I think it most appropriate to start this by saying I am very sad that Arnold Palmer has died. I know that we all die eventually, but this guy inspired me with his style of golf. His dad was a grounds keeper for a golf course and taught Arnold how to play the game. Arnie as fans affectionately called him broke 100 at the age of 8. He came from a working class family, developed a style of golf that was hardly traditional and became perhaps one of the greatest golfers to play the game. He had style, charisma and was very approachable. You will be missed Arnie.
The one thing that Arnold did was bring an elitist sport down to the level of the common person. In that spirit, there are many wine writers like myself who want to keep wine where is should be, as a beverage that can be enjoyed by anyone. For reasons unknown to me, there are still a lot of folks out there who seem to think that wine is more than that. They want wine to be high society, blue blood juice. They stick their noses up at any wine that doesn’t have some sort of pedigree and heaven forbid they buy an eight dollar bottle. For all of you out there who shy away from wine because of this attitude, please reconsider. Ignore the ignorance of wine snobs and join me in finding great wines without spending a lot of money. There are a lot out there, and i will go to my grave helping you find them.
One question that has been thrown my way often is how do you know if a wine will age? I’ve been in wine for a long time and one thing I can say for sure is that no one will get it right 100% of the time. There are four basic elements I look for in a wine to determine its ability to age, and one other factor that plays a role. Acidity, fruit, tannins and balance. These are the most important elements to look for in a wine that will age. For me, acidity is crucial to aging. Without acid, a wine will go flabby before its time. However, the acid cannot be so harsh that it dominates the fruit. Otherwise, you will have a wine that will end up quite tart in a few years. There must be fruit behind the acidity. Tannins also play a key role in a wines ability to stand the test of time. That is where barrel aging comes in. There are both wood tannins (barrels) and skin/seed tannins. Both are important in the wines ability to continue to improve over time. Balance of the three elements makes for a wine that will improve as it rests in your cellar. The other factor is quite important…Reputation. Is the producer known for making age-worthy wines. A little research and guidance from your trusted wine steward should help you in building a modest cellar with wines that will age.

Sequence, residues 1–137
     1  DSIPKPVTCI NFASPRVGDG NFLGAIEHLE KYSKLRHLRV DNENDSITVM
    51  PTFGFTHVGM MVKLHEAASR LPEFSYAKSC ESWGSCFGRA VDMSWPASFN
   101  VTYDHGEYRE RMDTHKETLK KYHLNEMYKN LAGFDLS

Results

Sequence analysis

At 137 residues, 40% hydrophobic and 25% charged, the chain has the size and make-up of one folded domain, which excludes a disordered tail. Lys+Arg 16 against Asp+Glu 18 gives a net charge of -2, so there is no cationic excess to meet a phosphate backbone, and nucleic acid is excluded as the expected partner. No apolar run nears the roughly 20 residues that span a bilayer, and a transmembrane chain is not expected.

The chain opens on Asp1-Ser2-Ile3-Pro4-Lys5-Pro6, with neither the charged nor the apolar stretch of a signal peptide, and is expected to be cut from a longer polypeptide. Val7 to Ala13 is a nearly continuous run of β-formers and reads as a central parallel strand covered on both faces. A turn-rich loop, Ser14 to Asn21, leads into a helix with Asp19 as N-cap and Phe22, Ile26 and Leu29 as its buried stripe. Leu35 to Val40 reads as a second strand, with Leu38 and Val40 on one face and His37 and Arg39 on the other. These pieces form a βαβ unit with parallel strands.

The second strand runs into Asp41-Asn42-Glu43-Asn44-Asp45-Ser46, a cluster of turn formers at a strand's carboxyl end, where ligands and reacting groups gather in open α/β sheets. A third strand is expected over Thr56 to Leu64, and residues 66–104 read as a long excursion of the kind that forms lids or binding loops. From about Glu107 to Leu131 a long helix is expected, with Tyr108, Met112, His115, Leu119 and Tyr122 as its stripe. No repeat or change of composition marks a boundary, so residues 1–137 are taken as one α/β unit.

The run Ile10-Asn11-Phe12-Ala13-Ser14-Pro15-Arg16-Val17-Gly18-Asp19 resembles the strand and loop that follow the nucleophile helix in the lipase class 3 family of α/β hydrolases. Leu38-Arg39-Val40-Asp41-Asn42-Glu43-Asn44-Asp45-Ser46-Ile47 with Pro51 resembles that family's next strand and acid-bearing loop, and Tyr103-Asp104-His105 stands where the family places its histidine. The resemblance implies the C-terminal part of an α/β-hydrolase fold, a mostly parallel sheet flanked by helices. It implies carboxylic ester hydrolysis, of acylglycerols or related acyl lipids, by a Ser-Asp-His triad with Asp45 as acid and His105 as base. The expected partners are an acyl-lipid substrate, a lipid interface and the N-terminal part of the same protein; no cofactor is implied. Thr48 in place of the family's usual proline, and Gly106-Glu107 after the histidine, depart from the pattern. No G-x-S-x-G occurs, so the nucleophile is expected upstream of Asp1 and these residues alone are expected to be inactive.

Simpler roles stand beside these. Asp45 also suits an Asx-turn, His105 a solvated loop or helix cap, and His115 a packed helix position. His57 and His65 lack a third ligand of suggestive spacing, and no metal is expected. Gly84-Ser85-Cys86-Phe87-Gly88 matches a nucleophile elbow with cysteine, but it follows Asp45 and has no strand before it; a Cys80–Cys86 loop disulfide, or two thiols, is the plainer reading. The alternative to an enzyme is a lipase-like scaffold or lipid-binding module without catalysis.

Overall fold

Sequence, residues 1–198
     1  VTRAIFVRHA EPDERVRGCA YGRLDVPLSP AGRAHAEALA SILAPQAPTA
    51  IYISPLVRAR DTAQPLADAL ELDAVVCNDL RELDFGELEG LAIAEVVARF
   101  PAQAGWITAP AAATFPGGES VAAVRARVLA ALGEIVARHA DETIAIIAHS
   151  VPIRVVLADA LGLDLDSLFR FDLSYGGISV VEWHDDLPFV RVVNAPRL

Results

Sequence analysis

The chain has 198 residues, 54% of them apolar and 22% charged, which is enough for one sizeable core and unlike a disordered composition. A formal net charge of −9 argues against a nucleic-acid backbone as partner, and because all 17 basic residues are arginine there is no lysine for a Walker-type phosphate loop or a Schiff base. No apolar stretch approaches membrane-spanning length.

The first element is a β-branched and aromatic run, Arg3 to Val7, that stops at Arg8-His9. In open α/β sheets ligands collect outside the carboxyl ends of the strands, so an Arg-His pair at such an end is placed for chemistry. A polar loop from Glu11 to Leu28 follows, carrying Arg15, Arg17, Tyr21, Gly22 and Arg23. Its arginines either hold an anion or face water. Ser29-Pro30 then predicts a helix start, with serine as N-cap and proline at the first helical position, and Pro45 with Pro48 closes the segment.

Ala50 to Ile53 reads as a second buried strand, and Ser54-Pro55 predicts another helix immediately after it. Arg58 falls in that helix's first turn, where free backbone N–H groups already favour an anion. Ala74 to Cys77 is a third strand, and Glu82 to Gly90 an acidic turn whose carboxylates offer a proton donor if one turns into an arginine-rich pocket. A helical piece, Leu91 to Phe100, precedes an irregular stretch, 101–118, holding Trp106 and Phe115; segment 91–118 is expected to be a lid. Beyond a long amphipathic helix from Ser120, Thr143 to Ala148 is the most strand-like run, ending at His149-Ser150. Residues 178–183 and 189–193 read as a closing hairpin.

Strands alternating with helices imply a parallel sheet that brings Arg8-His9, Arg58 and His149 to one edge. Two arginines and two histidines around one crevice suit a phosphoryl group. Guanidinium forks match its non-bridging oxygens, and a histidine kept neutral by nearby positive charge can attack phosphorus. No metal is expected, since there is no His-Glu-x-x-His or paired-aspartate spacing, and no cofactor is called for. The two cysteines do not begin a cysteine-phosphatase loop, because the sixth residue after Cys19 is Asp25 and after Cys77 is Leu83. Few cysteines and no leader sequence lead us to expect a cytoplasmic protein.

I took a trip to Walla Walla last week compliments of Vehrs Dist. out of Kent WA. It was their inaugural trip and I was one of the fortunate they invited to come. Let’s just say that it was a stellar trip…Treveri, Leonetti, Long Shadows, Woodward Canyon, Gordon Brothers, Fidelitas, Waters, and more. I will be writing something about that trip soon, but I wanted to share something that most of you will be interested in. All of the wine makers and vineyard managers were quite high on the 2016 vintage. I would keep my eye and wine spending budget out on the wines from this vintage out of Washington State…Just say’in.
One last tidbit…For those of you that were fooled by the storm predictions that came our way recently, I hope you learned something. Hype sells, and most of us fall for it. How many times has the weatherman predicted 5 straight days of eighty degree weather and none of us believed it? We want to believe the worst! Weather happens, and there is nothing we can do about it. We live in a time where power outages are taken care of in a timely manner. Roads get cleared, life goes on. I know there are a lot of you out there that now have enough water, milk and food to last you a few months. Good for you! However, we barely got a puff of wind in my part of the hood, and now, what do you do with all the excess? Blame the weatherman!
Stan The Wine Man